One sample was chosen from Douglas Lake (DL01) in the Lower French Broad River Basin Watershed because it drains the carbonate-cemented Tellico Sandstone and is chemically influenced by the Lenior Limestone. We chose to sample DL01 because our first limestone sample, NC01, was influenced by acid mine drainage and did not yield the expected alkalinity measurement.

 

 

 

 

Figure 1. Map of the surface and ground water localities sampled in the South Carolina piedmont. Surface water samples include US64, FU-C 03, and CL01. Ground water samples include BA W1, BY32 W1, GV W1 and SA W1. Watersheds included are the Saluda, Reedy, Enoree, and Pacolet.

 

 

 

Figure 2. Map of the surface localities sampled in the east Tennessee carbonates. Surface water samples from the North Chickamauga Creek in the Lower Tennessee River Basin Watershed include NC01, NC02, and NC03. The surface water sample DL01 was collected from Douglas Lake in the Lower French Broad River Bain Watershed.

 

 


Methods

Samples were collected from the following locations: 3 from piedmont surface waters, 4 from carbonate surface waters, and 5 from piedmont ground waters. Piedmont surface waters were chosen because they demonstrated low, medium, or high alkalinity, known from previous unpublished data. Carbonate surface water and piedmont ground water samples were chosen based on field crew assumptions of the local geologys effects on expected alkalinity.

In the field, surface water samples were collected in a 4L pre-cleaned, acid-rinsed high density polyethylene bottle. Prior to collection, each bottle was pre-contaminated three times with the sample water and emptied downstream from the locality. A separate sample was collected for turbidity analysis. Groundwater samples were collected in four 500mL bottles (to be filtered) and twelve 125mL bottles (left as unfiltered). To minimize degassing, all samples were collected with zero headspace, either by submerging the bottle and capping under water or filling the bottle to overflowing and then capping. pH, conductivity, dissolved oxygen, and temperature were measured in the field with a Fisher Scientific AP62 Accumet pH meter, YSI 30 salinity/conductivity meter and YSI 55 dissolved oxygen meter.

In the laboratory, samples were processed using four different methods with three replicates per method. Each method consists of a different combination of filtering and refrigeration. Samples were filtered through a 0.45m membrane filter using an N2 gas positive pressure filtration system. Refrigerated samples were stored at 4C in the dark for both 24-hour and timed analyses. The four method combinations were filtered-refrigerated (FR), filtered-unrefrigerated (FU), unfiltered-refrigerated (UR), and unfiltered-unrefrigerated (UU). The FR method functions as our control, as this is the standard method in our research program.

Alkalinity was measured with an Accumet AR-25 dual channel pH/ ion meter using an Accumet electrode and a Kimax 5mL buret. Sample alkalinities were measured within 24 hours and again after a storage period ranging from 17-51 days to determine the effect of sample storage. Alkalinity was measured using the Gran Titration method. All piedmont surface water and ground water samples and carbonate sample NC01, were titrated with 0.02N H2SO4. All other carbonate samples were titrated using 0.2N H2SO4.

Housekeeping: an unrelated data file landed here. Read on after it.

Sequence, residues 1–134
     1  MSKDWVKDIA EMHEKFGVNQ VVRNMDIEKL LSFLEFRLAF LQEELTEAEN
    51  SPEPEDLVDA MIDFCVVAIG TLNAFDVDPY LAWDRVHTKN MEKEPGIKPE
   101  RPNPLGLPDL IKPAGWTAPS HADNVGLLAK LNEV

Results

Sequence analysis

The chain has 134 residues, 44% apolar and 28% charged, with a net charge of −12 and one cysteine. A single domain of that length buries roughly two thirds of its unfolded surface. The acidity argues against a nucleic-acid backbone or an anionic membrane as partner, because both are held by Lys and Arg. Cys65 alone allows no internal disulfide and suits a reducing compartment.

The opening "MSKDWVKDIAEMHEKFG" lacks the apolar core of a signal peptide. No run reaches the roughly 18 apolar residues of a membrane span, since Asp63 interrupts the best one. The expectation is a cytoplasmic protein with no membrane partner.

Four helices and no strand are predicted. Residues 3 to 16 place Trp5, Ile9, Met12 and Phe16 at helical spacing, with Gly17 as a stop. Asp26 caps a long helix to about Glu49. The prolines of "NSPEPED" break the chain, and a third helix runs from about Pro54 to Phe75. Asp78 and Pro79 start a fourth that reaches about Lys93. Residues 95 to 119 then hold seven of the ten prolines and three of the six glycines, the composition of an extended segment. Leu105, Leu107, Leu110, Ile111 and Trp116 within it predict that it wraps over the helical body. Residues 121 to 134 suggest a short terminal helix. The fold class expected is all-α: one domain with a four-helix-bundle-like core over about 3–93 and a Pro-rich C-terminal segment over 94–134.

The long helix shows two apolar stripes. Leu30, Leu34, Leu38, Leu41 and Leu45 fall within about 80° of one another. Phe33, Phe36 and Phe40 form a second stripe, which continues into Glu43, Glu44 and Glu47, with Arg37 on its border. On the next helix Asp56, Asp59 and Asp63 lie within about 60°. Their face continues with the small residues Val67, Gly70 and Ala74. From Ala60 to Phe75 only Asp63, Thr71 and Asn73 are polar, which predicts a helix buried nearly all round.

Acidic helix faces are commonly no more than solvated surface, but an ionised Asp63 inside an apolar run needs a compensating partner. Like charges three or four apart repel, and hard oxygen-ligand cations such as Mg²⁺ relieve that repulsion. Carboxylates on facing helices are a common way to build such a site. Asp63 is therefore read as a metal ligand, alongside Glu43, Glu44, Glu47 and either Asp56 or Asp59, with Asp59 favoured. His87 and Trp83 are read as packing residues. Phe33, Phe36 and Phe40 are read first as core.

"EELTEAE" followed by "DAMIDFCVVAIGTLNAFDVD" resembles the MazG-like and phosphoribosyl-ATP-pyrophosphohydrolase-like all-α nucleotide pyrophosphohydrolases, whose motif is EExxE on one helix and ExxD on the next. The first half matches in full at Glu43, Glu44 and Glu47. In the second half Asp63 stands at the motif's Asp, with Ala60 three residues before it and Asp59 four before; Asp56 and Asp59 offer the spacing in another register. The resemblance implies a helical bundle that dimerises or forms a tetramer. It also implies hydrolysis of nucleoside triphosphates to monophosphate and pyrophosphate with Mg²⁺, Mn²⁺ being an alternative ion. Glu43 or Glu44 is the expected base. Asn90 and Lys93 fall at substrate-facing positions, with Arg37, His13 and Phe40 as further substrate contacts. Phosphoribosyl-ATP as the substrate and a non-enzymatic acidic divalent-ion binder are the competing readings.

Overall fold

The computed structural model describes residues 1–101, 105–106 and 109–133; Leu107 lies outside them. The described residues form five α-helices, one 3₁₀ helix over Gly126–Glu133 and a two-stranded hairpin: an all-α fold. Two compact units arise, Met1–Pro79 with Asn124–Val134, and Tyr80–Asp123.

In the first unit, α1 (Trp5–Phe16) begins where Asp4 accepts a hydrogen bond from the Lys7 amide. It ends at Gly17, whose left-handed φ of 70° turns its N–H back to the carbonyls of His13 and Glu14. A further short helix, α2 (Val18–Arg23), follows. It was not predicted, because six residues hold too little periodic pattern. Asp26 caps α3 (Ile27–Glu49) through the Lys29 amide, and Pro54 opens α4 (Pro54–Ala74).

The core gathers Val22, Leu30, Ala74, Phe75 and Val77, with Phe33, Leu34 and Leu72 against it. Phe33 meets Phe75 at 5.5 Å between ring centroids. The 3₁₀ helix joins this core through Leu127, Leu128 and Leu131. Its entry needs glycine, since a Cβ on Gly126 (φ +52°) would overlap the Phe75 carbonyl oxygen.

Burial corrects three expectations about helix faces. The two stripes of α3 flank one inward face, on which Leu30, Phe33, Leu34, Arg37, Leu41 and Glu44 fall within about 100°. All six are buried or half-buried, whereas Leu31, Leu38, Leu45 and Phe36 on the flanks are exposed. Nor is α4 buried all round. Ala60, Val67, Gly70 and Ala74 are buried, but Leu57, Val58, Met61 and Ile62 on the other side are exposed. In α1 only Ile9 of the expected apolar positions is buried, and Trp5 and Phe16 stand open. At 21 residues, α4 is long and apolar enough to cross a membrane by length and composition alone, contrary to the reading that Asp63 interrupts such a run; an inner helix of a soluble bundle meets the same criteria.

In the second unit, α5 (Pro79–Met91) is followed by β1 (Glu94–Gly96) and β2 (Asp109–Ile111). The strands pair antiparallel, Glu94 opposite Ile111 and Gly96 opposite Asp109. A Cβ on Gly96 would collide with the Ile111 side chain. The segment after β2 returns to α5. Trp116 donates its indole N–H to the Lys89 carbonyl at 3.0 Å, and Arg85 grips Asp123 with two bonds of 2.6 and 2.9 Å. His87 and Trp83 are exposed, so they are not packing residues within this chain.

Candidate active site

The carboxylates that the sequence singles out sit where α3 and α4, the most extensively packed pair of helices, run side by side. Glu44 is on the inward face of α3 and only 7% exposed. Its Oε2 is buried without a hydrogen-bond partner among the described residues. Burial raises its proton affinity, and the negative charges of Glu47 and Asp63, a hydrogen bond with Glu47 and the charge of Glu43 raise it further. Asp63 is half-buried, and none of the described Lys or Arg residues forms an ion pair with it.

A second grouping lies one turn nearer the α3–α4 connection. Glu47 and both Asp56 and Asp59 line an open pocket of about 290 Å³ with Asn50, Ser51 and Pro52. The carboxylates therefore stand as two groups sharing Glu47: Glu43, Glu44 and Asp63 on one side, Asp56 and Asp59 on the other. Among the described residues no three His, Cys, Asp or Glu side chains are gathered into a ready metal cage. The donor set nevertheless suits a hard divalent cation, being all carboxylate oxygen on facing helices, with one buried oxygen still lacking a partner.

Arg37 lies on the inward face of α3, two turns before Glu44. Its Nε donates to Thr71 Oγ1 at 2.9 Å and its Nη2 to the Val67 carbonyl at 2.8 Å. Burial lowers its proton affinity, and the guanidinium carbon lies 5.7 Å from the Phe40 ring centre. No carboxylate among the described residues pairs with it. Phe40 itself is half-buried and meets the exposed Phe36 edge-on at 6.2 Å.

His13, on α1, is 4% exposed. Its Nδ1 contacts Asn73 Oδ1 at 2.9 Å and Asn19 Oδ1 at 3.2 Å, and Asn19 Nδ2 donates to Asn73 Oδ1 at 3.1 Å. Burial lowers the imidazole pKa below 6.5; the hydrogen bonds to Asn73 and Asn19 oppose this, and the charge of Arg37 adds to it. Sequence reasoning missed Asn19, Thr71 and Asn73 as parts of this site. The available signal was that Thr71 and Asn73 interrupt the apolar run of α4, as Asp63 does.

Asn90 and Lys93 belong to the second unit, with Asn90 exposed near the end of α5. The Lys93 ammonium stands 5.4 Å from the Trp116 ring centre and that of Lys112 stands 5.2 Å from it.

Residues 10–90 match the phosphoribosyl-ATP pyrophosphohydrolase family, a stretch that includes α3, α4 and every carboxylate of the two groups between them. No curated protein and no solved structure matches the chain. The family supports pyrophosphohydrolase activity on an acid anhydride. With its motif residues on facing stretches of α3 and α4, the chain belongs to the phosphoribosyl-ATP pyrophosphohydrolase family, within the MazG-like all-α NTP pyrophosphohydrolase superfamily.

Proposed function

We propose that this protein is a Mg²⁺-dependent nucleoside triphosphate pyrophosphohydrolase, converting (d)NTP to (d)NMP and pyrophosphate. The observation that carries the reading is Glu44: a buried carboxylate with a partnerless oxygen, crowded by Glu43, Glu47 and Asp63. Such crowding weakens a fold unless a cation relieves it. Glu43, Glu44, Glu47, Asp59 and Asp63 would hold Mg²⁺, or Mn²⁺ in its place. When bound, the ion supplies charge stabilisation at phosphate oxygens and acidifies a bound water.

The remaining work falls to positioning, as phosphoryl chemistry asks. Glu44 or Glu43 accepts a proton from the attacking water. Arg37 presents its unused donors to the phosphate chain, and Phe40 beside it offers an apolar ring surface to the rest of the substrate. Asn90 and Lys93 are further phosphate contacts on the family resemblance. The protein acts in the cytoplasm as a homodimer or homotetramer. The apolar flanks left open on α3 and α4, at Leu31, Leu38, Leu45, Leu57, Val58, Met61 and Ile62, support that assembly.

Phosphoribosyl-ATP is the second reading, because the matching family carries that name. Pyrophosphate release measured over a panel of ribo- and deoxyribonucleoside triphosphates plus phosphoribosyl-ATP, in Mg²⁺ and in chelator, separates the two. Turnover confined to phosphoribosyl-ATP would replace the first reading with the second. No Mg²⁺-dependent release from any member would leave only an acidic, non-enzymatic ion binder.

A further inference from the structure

Between 17 (Conestee Lake) and 51 (Furman Lake) days after their respective collection dates, the unrefrigerated piedmont surface water samples were measured again to test for time-based alkalinity concentration changes. Between 18 (Brushy Creek 2.13.07) and 50 (Bunched Arrowhead) days after their respective collection dates, all carbonate surface water samples and sealed piedmont ground water samples were measured again to test for time-based alkalinity concentration changes.

The chemical analyses were run within one week of sample collection. From the original sample, an aliquot was preserved with trace metal-grade nitric acid for cation analysis. Cation concentrations (Na+, Ca2+, K+, Mg2+, Si4+, Fe2+) were measured with an ICP-AES. Another aliquot was preserved with trace metal-grade sulfuric acid for TDN analysis with an Alpkem Flow Solution IV. One unpreserved FR sample from each locality was used to measure anions, NH4+, and DOC. Anion concentrations (F-, Cl-, Br-, NO3-, NO2-, H2PO4-, SO42-) were measured with a Dionex DX-120 Ion Chromatograph, ammonium (NH4+) with a 10-AU Fluorometer, and dissolved organic carbon (DOC) with a Tekmar Dohrmann Phoenix 8000. Turbidity was measured the same day of collection with a LaMotte 2020 turbidity meter. Charge balance was calculated using the method of Freeze and Cherry (1979).

Using SigmaStat software, two-way ANOVA tests were used to determine statistically significant differences in the treatments of 24-hour and timed samples independently. T-tests, Wilcoxon Rank Sum tests, and Mann-Whitney Rank Sum tests were used to determine any statistical differences in treatments between 24-hour and timed samples.

Equilibrium constants were calculated using the equations of Plummer and Busenburg (1982), and activity coefficients were calculated using the extended Debye-Huckel equation. The ratio of PCO2 (aq) in river water to PCO2 in the atmosphere indicates the degree of CO2 supersaturation in the river relative to the atmosphere (Piol et al. 1992; Huh et al. 1998). We refer hereafter to this ratio as PCO2 saturation.

The equation for the calculation of the partial pressure of carbon dioxide (PCO2), which uses measurements of water temperature, pH, and HCO3- concentration, was not modified to account for the dissolution of calcite in our carbonate research (e.g. Neal et al. 1998b), because the waters were undersaturated with respect to calcite (Fig.13).


Results

 

Piedmont Surface Waters